Asbestos Contamination Multiplies at Public Sites in Sydney


Officials in Sydney, Australia, said on Sunday that they had found traces of asbestos at 34 public sites across the city in recent weeks, and that a venue for an upcoming Taylor Swift concert was declared free of the toxic mineral.

The hunt for asbestos in recycled mulch in the city began last month, and sites that have tested positive include parks and the grounds of hospitals, train stations, supermarkets and four schools, two of which have temporarily closed. The figures released by the Environmental Protection Agency of New South Wales on Sunday included two new sites, both schools.

The scandal has received international attention in part because the authorities have been testing mulch on the grounds of Sydney Olympic Park, where Ms. Swift is scheduled to perform four shows starting on Friday. But the agency said on Sunday that those tests were negative.

“I can say with certainty that the Harbor City is ready to welcome Taylor Swift with open arms,” Tony Chappel, the agency’s chief executive, told reporters on Sunday.

If inhaled, asbestos fibers can cause lung diseases like asbestosis, lung cancer and mesothelioma. Laws about it vary by country: Asbestos is not banned in the United States, while the European Union banned white asbestos, the most common form, in 2005.

Australia began to phase out asbestos in the 1980s and banned it completely in 2003. But the substance had already been used for construction, automotive manufacturing and other uses for decades. Many homes that were built there before the 1990s still contain asbestos.

The authorities in New South Wales, the state that contains Sydney, have said that the asbestos found recently in recycled mulch presents a relatively small risk if undisturbed. Most of it is bonded, or nonfriable, meaning that it has been mixed with another substance like concrete and cannot be easily crumbled or turned into dust. This makes it less dangerous than friable asbestos, which can easily be crumbled and inhaled.

The asbestos was first discovered in Sydney in early January after a child brought home some mulch from the Rozelle Parklands, a new, 25-acre park. The child’s parents noticed what appeared to be asbestos in mulch and sent it for testing, which returned a positive result, Darcy Byrne, the mayor of the local district, said at the time.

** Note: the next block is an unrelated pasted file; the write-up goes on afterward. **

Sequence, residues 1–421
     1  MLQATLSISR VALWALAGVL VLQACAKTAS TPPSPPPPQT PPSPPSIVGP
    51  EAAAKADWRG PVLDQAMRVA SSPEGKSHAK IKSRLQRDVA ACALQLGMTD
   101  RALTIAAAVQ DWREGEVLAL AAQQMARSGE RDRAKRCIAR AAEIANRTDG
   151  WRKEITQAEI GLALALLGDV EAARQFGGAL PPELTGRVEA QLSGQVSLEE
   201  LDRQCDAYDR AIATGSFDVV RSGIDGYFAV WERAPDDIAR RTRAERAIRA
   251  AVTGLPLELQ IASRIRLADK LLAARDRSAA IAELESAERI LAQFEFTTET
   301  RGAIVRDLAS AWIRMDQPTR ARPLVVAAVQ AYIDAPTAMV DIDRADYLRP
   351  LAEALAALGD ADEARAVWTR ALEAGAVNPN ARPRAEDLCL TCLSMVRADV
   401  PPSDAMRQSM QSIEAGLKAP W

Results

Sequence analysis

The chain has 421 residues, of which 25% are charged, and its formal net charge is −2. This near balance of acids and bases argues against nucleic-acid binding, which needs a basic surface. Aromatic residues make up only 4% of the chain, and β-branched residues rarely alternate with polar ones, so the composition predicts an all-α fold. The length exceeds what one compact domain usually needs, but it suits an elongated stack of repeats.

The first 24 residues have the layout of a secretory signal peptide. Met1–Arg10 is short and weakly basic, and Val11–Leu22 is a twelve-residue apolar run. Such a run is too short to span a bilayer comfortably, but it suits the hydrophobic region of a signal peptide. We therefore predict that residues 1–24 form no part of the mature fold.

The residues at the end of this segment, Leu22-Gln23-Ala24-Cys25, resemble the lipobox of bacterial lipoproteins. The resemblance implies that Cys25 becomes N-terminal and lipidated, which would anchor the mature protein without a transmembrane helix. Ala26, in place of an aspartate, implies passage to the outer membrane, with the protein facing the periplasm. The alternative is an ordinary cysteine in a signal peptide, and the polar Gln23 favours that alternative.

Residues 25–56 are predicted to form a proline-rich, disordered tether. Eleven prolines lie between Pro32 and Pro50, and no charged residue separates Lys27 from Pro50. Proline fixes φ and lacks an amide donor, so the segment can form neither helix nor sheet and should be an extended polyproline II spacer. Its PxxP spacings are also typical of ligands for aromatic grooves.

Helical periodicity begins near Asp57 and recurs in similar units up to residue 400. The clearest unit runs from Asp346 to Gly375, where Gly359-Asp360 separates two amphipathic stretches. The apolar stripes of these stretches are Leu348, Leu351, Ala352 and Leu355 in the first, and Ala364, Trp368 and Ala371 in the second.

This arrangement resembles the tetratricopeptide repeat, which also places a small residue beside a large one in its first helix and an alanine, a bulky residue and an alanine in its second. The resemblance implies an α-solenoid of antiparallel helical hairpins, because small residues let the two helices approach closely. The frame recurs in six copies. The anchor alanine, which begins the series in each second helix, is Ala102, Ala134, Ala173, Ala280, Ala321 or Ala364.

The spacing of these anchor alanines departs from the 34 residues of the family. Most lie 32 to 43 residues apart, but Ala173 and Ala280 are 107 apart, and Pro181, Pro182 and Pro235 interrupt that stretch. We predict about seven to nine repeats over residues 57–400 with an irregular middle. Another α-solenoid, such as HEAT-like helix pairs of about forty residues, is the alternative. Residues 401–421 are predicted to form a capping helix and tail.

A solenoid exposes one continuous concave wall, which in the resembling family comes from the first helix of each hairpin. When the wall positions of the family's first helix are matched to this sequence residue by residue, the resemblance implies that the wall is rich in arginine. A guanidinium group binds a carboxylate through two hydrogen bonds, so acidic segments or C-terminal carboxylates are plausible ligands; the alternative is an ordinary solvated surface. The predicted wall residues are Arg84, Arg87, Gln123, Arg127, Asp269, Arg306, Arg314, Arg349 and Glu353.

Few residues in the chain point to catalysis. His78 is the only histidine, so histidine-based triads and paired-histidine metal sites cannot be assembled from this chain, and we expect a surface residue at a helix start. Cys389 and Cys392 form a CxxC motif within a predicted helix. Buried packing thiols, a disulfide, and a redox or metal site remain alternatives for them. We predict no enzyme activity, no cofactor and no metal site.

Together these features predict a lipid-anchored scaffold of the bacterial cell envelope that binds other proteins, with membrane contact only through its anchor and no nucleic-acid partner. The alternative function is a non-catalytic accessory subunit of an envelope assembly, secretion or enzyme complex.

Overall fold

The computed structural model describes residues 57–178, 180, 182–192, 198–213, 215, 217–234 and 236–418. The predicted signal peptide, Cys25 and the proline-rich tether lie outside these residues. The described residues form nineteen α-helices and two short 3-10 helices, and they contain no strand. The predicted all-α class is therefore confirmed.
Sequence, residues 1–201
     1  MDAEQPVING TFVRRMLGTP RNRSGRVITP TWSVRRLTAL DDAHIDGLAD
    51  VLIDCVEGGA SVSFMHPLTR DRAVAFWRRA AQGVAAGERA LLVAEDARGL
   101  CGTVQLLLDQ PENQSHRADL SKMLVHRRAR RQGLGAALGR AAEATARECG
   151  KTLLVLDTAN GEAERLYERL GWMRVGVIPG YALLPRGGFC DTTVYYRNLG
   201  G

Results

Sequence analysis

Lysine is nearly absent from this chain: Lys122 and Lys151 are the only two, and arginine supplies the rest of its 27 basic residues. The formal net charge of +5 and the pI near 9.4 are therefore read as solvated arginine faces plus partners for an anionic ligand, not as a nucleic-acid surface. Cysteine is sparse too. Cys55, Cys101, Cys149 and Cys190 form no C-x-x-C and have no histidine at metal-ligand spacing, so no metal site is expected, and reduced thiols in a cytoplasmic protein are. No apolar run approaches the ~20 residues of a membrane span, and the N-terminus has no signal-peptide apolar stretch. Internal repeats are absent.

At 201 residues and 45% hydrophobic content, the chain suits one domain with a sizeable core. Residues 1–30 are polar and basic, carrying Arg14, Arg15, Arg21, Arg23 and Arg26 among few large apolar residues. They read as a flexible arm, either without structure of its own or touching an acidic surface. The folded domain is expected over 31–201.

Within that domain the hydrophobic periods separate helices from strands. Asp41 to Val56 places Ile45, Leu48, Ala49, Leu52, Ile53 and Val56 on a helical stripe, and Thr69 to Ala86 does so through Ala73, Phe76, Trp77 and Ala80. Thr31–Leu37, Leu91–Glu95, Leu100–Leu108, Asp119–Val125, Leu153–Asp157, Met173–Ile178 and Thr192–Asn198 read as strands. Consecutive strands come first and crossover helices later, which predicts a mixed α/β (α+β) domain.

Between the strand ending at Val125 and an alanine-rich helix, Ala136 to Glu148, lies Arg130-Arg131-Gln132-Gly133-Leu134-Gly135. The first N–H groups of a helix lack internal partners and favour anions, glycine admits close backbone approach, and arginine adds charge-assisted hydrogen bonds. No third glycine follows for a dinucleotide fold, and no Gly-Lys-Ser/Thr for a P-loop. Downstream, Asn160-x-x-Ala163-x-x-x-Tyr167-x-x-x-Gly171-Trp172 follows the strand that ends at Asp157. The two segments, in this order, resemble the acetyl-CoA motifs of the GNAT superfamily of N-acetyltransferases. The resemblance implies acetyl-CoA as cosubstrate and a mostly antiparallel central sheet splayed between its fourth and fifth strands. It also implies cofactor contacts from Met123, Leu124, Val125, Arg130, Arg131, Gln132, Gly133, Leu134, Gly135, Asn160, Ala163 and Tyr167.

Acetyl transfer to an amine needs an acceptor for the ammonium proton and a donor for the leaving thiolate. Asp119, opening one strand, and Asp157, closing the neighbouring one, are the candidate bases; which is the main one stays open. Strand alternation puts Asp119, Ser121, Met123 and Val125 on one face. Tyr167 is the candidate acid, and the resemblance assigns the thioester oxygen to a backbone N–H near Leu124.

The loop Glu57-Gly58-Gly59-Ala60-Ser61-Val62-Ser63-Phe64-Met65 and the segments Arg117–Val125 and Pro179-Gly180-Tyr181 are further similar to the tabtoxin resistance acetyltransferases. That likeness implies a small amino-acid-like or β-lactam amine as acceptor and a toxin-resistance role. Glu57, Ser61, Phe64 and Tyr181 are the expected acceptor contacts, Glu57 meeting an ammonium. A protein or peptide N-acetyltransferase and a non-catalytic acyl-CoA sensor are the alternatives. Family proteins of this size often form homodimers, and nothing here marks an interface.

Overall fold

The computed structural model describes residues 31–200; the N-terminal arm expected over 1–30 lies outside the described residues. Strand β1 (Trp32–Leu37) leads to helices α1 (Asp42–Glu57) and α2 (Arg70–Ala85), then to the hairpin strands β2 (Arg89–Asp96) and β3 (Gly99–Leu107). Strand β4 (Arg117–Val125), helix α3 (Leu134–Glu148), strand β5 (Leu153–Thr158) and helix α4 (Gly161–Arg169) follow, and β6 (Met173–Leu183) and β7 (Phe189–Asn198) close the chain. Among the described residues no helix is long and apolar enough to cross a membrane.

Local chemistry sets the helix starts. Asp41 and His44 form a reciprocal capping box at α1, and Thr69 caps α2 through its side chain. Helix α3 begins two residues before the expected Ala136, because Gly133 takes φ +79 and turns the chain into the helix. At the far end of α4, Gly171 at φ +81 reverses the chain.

The authorities shut down the park and began to test other green spaces nearby. Their discovery of more sites containing the contaminated mulch prompted them to widen the investigation across the city.

“This is completely unacceptable,” Chris Minns, the premier of New South Wales, said last week, adding that the investigation included more than 100 officials from the state E.P.A.

The agency has said that it directed the Australian company that produces the mulch, Greenlife Resource Recovery, to stop supplying it until the investigation ends.

Greenlife Resource Recovery has rejected blame. It said in a statement that testing had shown that its mulch was asbestos-free, hinting that the third parties that bought its mulch might have mixed it with other materials, or that asbestos might have already been present in some locations where contamination was found. It has taken legal action challenging the agency’s order to stop selling mulch.

The company was “at risk of being made a scapegoat for failures in a complex supply chain for construction and landscaping projects,” the statement said. The company did not immediately respond to requests for comment on Sunday.

The state E.P.A. says that businesses or individuals that allow asbestos waste to be recycled face penalties of up to two million Australian dollars, or $1.3 million. Mr. Minns, the state premier, has said that his government will look at increasing the penalties.



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